Selling to a team of buyers is nuanced and often requires the seller to facilitate a number of small decisions and agreements that advance the process and align buyers.
Imagine you are at a big family dinner with your siblings, cousins, parents and grandparents. You ask the group, “What would you like for dinner?" You're likely to get as many different answers as there are family members.
Selling to a buying team is similar, except the stakes are much higher.
Selling, particularly insurance and risk management services, is not simply about identifying needs and aligning those needs to products or services. It is about facilitating a change in behavior and providing the leadership necessary to help your prospects accomplish three important goals:
1) Identify and agree on the problem to be solved.
2) Agree upon the process to solve the problem.
3) Agree upon the solution provider best suited to help achieve the goals.
While this may sound like a process with clear beginning and ending points, it is not that simple. Moving from needs identification to the selection of a solution provider is a complex journey. That journey often requires the seller to meet their buyers at various stages of their personal decision-making process, ultimately bringing them together as a team focused on a common set of goals and aligned on the strategy to achieve them. That is consensus building.
Sellers often tangle the situation by failing to recognize the complexity of the sales process, erroneously believing team buying decisions can be accomplished by following a step-by-step approach.
However, in fact, the process is nuanced and often requires the seller to facilitate a number of small decisions and agreements that advance the process and align buyers.
Individual buyers in the sales process will also have their own timeline. In a buying team, there will be those eager to explore a business relationship and others who are satisfied with the status quo. There might also be those who remain fiercely loyal to the incumbent provider.
In addition to timing and buyer preferences, sellers must also acknowledge that buyers come to the process with varying degrees of knowledge, experience and desire to participate. While these may feel like roadblocks and your desire may be to go around them and work with only those buyers expressing an interest in change, doing so could prevent you from closing the deal.
Sales leadership requires sellers to navigate these complexities. First by acknowledging complexities within the organization to which they are selling. And second by recognizing their role to help the buying team address them.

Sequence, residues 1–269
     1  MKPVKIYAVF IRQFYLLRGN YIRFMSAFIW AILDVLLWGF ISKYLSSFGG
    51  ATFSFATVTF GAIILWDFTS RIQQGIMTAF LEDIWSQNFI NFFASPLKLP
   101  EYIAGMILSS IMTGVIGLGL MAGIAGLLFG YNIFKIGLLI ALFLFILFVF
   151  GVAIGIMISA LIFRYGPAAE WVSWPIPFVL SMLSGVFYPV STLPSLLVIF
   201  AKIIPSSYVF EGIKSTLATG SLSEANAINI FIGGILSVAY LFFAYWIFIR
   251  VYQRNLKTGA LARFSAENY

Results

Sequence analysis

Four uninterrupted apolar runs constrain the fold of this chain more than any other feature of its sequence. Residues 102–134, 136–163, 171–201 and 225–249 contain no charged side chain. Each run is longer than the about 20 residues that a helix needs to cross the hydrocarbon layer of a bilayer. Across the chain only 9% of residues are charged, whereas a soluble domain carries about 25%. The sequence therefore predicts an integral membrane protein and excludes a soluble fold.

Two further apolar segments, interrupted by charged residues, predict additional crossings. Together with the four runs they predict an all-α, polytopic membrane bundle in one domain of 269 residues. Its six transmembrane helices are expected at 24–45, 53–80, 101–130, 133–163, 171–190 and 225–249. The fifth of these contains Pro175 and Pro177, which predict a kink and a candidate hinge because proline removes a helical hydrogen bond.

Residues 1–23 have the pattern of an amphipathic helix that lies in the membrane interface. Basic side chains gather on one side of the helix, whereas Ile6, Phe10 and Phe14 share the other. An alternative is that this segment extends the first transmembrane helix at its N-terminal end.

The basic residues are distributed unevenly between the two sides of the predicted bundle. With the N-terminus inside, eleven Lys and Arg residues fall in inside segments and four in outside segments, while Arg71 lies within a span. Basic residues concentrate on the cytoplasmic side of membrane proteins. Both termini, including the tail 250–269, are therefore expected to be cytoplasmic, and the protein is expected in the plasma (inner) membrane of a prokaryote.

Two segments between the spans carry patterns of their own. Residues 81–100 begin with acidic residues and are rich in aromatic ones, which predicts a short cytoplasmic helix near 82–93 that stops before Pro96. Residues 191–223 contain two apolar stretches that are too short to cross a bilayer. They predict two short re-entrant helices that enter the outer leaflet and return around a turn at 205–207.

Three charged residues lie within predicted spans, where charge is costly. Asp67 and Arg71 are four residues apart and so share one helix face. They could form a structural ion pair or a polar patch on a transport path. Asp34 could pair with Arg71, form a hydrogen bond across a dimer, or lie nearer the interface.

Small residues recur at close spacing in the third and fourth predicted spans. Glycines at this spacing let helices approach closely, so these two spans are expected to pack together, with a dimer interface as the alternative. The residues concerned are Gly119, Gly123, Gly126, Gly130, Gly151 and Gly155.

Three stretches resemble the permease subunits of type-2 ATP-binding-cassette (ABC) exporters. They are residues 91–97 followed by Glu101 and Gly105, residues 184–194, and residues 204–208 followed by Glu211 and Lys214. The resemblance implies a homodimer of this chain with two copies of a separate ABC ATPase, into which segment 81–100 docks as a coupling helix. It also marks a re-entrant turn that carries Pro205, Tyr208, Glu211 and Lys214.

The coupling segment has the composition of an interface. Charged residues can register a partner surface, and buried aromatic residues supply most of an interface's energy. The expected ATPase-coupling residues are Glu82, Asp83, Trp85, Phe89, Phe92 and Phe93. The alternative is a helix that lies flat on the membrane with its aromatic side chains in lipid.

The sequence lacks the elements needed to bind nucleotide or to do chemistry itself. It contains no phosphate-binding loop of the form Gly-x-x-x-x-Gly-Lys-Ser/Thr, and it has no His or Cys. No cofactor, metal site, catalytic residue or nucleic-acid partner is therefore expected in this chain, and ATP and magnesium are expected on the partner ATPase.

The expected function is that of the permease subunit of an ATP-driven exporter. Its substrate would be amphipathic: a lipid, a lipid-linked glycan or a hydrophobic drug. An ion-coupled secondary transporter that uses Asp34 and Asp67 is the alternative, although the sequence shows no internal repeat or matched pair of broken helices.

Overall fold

Here are six effective strategies to build consensus with a buying team:
1) Create a safe environment for discussion. Often, less experienced or senior members of a team will stay mute out of fear. Their concern may be that their opinion isn't valued or might expose a perceived weakness in themselves.
As facilitators, sellers must set the table by helping the buying group to recognize that individual members of the team will often come to the table with varying insight based on their role in the organization, experience and knowledge.
2) Align on the decision-making process. The process should focus on how decisions will be made and who will be part of the decision-making process. It should also consider how conflicts will be addressed.
This can be a challenging discussion, but unless it is tackled, sellers may find themselves following a process that is ineffective and favors the incumbent.
3) Build awareness through insight. Teams can often think they are the only ones experiencing issues, which is rarely the case.
Using phrases like, “You're not alone in thinking about this," “Others in similar roles have also shared this difficulty," or “Other organizations have also been challenged with this" can alleviate fear and resistance to exploring change.
4) Shed light on obstacles. Acknowledging obstacles and sharing your experience with helping others in similar situations can help resolve challenges. This helps build credibility with your prospects. It also eliminates surprises that often lead to buyer regret.
5) Prioritize, prioritize, prioritize. Help your prospects prioritize what is most important to them and their goals. Help them consider what will provide the biggest return on their investment or eliminate a business risk.
This accomplishes two things. First, it helps your prospect remain focused on the issues of greatest importance. Second, it positions you as an ongoing source of business value.
6) Gain agreements. Once you've helped your prospect identify and prioritize their challenges, you'll want to gain agreement to do business. This must occur prior to you sharing your recommendations and solutions.
Conditional closing questions can help ensure your buyers are prepared to move forward with you, assuming your plan addresses the issues you've helped them discover.
Susan Toussaint is vice president, Growth Solutions, U.S. with ReSource Pro. For over a decade, Susan has been training, coaching and developing programs to help insurance professionals overcome barriers to organic growth. In 2006, she started Injury Management Partners, and in 2009, she co-founded Oceanus Partners with her partner, Frank Pennachio. Today, she is a full-time trainer and consultant focused on developing products and training that help clients attract, acquire and retain profitable, right-fit business.